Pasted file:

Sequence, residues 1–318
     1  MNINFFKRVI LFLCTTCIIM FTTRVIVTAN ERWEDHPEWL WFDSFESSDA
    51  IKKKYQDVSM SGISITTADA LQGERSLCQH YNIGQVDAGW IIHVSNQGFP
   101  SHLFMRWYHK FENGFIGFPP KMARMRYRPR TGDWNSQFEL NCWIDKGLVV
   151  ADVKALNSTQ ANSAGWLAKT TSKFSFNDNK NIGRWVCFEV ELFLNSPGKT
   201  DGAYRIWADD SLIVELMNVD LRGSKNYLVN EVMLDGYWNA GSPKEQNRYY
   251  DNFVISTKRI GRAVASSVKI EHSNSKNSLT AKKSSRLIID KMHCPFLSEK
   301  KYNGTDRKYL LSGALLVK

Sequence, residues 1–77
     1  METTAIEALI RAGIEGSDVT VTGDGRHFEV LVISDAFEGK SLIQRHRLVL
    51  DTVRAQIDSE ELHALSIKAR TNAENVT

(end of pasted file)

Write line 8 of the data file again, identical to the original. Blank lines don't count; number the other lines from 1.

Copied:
   301  KYNGTDRKYL LSGALLVK